Student org recognition
The deadline for student organizations at UWO to gain re-recognition from the Oshkosh Student Association (OSA) is today. Organizations must complete the necessary re-recognition training on Canvas, focused on five separate modules.
Organizations must complete training focused on creating inclusive virtual environments, organization budgets and risk management.
In addition to these modules, which are traditionally focused on in Recognized Student Organization Training (RSOT), student organizations must complete training related to new event procedures taking COVID into consideration, and leadership and recruitment.
Inclusion-related trainings are focused on on the difference between ‘fitting in’ and truly belonging. The training modules reference author and researcher Brené Brown, who said, “Fitting in is about assessing a situation and becoming who you need to be to be accepted. Belonging, on the other hand, doesn’t require us to change who we are; it requires us to be who we are.”
These trainings encourage organizations to cultivate environments in which students are encouraged to be themselves and thrive.
Budgeting modules are focused on helping student organizations prepare and submit budget proposals to the Student Allocations Committee (SAC). SAC is responsible for handling and distributing over $1 million in segregated fees each year.
Trainings related to event planning are especially pertinent to this year, as the pandemic has significantly changed the way events can be hosted on campus.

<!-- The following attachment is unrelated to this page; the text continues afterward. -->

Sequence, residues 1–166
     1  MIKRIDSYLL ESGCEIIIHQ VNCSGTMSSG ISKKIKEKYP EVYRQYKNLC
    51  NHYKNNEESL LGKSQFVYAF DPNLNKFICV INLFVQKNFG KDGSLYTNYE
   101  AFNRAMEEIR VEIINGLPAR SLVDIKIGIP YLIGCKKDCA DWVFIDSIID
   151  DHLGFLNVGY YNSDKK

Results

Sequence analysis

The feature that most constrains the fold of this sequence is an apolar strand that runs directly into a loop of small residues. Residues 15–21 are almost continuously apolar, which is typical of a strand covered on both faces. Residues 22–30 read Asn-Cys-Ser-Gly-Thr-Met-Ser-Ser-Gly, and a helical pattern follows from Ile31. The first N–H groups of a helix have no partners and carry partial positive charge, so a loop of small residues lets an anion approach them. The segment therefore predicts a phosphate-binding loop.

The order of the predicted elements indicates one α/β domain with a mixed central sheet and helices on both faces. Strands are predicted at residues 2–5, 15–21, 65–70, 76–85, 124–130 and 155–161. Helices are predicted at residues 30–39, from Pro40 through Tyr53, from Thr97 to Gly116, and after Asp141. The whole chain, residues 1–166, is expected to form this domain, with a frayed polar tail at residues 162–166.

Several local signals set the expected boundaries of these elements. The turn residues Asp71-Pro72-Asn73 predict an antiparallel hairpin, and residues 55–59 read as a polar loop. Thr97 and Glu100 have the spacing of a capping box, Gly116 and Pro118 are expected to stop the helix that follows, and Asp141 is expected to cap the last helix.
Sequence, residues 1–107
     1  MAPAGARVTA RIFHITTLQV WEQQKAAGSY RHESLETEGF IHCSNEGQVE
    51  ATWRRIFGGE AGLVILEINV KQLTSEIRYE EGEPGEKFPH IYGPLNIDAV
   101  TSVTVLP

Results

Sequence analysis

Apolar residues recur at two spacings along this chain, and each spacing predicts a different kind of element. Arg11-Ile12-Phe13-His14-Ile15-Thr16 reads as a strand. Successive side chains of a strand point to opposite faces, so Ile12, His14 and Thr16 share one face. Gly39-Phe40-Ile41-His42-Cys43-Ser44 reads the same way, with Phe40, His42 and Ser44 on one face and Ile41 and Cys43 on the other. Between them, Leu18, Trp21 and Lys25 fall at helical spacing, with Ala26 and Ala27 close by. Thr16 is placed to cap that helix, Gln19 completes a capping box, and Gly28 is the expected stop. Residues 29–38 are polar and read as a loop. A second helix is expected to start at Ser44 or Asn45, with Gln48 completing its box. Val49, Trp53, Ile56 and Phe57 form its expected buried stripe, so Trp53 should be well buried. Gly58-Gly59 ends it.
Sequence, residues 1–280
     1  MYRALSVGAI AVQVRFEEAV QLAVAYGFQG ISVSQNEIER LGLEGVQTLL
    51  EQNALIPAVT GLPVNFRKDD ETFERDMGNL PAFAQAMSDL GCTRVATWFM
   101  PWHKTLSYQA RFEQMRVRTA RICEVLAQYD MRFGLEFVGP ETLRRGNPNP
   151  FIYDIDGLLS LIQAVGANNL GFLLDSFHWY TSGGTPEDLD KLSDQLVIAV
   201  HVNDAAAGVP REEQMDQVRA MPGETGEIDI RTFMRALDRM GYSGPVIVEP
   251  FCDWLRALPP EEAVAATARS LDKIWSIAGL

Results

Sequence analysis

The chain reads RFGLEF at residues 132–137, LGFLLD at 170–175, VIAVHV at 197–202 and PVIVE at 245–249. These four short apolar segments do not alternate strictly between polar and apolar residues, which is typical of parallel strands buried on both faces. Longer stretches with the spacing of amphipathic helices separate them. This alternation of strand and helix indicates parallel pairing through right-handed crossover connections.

Some of the most notable changes include capping attendance at 50 people, a prohibition on most food, unless provided by Catering Services and some restrictions on activities that include physical contact or “hard/forced exhalation,” such as yelling, cheering or singing.
UWO’s on-campus food pantry, which first opened last February to combat food insecurity on campus, has extended its hours for the remainder of the semester.
The Cabinet was created in response to research done by UWO alumna Joy Evans with the goal of mitigating the effects of food insecurity on the UWO campus.
In some cases, students who suffer from food insecurity may experience side effects that are massively detrimental to students’ academic performance and physical well-being, such as anxiety, depression, low amounts of physical activity and unhealthy weight.
Campus meal plans, which are required for students living on campus, can be very costly. The most expensive meal plan is billed at $1,850, and includes 200 meals and 300 Titan Dollars. The most affordable meal plan sits priced just over $1,000, including 100 meals and 100 Titan Dollars, scarcely enough to eat one meal a day in a dining facility.
“Food insecurity is, in my opinion, such an underestimated issue, and it’s really a big deal,” Evans said last February. “It’s a big deal for this campus in particular.”
Due to the pandemic, The Cabinet was forced to modify and restrict in-person access, allowing only one student in at a time.
Students can also request a pantry order online through The Cabinet’s page on the OSA website.